Decoding Green Products – “There’s An App For That.”

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Grocery shopping has turned into way more than just a quick trip , nowadays, the eco-minded shopper is faced with a sea of labels, products, and certifications. So how are you supposed to know which products are really green and which ones are just posers? Luckily, two new apps for your IPhone are helping you avoid this confusion by allowing you to look up information on the products you’re buying and the labels they carry.

The GoodGuide is the world’s largest database of information on the health, social, and environmental impacts of consumer products. GoodGuide evaluates & scores products across each of these three areas to help people shop smarter and simultaneously motivate companies to offer even better products.

You can look up the GoodGuide score for more than 65,000 products online at their website, but what good is that when you’re out at the pharmacy trying to pick-up some new shampoo and need to know right then!? Well, that’s exactly why they created the GoodGuide IPhone app. The genius behind the app is in it’s simplicity. It works as follows: 1) Open up the App, 2) Hit the ”˜scan’ tab, 3) select the ”˜scan barcode,’ and 4) point your phone’s camera at the product’s barcode.

Results: The barcode is scanned by your phone and GoodGuide’s ratings are shown to you instantly.

(Disclaimer: It’s quite fun and before you know it you’ll be scanning 10 different bottles of shampoo… definitely be make sure to leave a little extra time next time you run those errands)

But what if you can’t find your product in GoodGuide’s database… or you find it, but you’re not sure what a particular label means. Well, that’s why the NRDC created the Label Lookup App (Opens iTunes).

IPhone users can download Label Lookup free from the iTunes store. The Label Lookup App has a database of labels across multiples categories, including food, cleaning products, personal care, and more.

Label Lookup is again very easy to use and allows you to lookup claims by label (e.g., free trade) to find out if the label is trustworthy. If you are searching for a particular product, you can see which ones tout valid, well-regulated labels. Each description includes an evaluation from the NRDC as well as information about the label directly from the certifier or regulator. Labels are rated on a scale of zero to three:

  1. A rating of three out of three (represented as bright green leaves in the iPhone App) is the highest rating and means the claim is third party verified as meeting the most detailed and most rigorous standards. These claims are consistent, regulated by a governmental or other reputable body and verified by third-party inspectors. They meet the highest standards for environmentally preferable practices. Typical examples include USDA Organic, Australian Certified Organic and Forest Stewardship Council (FSC) certified.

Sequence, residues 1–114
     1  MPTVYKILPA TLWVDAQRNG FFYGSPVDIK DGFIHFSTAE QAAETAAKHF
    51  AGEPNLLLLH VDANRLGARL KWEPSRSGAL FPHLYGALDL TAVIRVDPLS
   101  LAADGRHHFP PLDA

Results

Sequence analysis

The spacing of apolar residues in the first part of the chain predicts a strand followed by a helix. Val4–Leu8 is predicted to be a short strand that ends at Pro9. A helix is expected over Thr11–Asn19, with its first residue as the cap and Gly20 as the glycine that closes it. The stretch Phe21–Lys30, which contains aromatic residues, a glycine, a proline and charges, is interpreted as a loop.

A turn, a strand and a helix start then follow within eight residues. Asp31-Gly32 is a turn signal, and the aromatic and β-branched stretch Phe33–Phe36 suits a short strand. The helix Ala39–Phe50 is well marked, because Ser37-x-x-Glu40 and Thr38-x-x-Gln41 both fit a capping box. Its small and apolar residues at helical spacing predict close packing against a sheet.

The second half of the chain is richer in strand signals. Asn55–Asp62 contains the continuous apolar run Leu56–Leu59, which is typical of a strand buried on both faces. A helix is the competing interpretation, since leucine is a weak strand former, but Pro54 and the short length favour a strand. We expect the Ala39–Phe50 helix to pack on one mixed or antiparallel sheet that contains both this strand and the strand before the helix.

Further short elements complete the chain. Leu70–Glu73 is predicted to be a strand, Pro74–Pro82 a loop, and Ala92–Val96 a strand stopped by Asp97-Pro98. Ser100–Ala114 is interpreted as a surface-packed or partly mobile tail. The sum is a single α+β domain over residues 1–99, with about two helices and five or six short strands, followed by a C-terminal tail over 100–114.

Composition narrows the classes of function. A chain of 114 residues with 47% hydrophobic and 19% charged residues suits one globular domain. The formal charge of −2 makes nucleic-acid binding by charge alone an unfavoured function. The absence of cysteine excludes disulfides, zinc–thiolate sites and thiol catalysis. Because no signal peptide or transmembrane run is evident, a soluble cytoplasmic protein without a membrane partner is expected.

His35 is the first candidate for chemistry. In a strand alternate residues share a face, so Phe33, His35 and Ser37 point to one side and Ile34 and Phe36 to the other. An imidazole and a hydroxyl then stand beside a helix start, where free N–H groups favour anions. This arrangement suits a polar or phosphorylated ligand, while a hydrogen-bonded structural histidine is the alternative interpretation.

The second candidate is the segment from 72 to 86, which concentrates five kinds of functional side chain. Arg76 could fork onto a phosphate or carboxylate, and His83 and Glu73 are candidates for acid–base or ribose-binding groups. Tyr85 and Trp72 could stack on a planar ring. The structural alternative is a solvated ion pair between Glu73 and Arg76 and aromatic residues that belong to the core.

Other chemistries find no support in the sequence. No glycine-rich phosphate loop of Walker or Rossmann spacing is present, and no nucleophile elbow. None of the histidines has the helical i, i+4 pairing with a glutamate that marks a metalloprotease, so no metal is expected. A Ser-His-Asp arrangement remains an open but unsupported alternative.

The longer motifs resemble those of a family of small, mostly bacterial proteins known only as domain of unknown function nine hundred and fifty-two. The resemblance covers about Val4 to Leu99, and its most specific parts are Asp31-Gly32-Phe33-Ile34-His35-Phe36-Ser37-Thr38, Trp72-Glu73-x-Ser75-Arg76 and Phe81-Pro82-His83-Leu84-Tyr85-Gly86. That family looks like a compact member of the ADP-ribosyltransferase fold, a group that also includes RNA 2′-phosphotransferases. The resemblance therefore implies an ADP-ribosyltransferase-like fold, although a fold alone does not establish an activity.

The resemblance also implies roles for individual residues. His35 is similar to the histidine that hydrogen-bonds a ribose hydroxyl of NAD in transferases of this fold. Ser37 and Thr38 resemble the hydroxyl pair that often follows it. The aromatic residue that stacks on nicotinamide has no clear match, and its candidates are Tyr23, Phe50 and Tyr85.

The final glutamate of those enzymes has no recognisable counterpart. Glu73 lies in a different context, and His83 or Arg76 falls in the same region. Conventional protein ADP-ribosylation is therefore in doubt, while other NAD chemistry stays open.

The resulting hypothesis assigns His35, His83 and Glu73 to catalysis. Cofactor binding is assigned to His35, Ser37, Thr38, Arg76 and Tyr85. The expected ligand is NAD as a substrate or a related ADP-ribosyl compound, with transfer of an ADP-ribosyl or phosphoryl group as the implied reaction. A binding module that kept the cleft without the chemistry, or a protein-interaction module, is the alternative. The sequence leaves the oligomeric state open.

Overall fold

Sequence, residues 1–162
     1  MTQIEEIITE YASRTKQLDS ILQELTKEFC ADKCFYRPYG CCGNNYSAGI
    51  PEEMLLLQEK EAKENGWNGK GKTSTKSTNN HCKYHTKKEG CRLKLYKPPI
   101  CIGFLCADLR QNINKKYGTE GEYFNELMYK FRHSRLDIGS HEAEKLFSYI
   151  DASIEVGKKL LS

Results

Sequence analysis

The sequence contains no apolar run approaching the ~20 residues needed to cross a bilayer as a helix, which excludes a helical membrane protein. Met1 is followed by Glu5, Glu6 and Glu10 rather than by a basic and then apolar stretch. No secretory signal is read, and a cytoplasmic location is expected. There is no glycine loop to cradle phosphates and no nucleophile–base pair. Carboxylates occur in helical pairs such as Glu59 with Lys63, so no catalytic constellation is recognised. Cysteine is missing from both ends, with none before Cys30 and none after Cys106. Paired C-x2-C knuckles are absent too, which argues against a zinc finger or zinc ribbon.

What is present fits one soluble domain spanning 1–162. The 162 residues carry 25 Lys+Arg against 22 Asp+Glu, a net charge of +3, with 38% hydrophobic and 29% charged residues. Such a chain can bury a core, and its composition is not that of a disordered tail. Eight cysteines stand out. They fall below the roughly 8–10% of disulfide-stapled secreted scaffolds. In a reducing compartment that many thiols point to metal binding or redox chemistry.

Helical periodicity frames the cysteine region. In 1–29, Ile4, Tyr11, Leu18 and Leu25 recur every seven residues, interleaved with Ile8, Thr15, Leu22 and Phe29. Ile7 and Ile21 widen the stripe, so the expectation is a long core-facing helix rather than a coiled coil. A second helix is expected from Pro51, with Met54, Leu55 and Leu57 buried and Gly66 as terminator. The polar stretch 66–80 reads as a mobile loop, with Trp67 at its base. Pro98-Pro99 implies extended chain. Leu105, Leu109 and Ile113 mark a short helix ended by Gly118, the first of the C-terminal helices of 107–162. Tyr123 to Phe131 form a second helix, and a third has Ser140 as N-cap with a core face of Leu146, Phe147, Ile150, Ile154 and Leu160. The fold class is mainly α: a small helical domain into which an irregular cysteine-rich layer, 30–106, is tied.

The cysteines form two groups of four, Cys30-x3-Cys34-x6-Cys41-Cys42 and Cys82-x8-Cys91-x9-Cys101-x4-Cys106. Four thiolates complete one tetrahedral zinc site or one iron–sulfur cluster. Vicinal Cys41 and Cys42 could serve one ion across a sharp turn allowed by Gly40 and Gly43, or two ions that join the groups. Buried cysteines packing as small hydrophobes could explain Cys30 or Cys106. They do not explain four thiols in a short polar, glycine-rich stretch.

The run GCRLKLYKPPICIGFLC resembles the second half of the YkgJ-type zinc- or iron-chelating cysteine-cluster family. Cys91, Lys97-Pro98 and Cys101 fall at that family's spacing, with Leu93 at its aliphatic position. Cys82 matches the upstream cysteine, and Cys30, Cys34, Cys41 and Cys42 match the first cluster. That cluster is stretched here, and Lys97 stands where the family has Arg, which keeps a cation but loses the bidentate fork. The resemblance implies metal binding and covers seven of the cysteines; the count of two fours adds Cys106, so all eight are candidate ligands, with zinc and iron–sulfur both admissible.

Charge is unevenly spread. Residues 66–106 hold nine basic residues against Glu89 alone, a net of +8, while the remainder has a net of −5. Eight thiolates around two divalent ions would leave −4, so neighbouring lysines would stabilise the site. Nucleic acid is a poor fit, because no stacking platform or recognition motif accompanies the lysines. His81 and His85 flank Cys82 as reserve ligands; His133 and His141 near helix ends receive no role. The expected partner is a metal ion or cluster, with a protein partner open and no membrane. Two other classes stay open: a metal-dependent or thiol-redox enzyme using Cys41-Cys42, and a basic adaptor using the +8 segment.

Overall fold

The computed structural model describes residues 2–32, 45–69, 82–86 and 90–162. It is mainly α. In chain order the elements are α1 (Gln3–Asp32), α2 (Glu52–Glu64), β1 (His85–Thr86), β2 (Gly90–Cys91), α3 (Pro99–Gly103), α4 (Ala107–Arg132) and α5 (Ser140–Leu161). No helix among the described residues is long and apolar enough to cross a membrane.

2. A rating of two out of three means either that the claim is verified by a third-party certifier or is not verified but is detailed, clear and meaningful. These claims and labels are consistent, detailed and regulated by a governmental, non-profit or commercial body. Typical examples include: Certified vegan, salmon-safe, and BDIH (which represents certified natural cosmetics).
  3. A rating of one out of three is for claims that the product does not contain a problem substance and legal recourse is available for false advertising. These claims are often backed by a regulatory agency, but they are specific and companies that use them may be subject to prosecution for false advertising if the claim cannot be upheld. Typical examples include: No parabens, DEA-free and No detergents.
  4. A rating of zero out of three is not reliable as it is vague, general, and lacks consistent definitions in addition to not being backed by government or other reputable bodies. Typical examples include Eco-safe, Non-toxic, biodegradable.

So have you used any of these apps before? Like them, don’t like them? Drop us a comment and tell us about an experience you’ve had.

About the Author: Dinesh Thirupuvanam runs a group purchasing organization for eco-minded small businesses called the Viv Biz Club (Viv). Viv helps businesses pool their purchasing power to save up to 80% on sustainable products, including compostable cups, biodegradable food packaging, and recycled office supplies.

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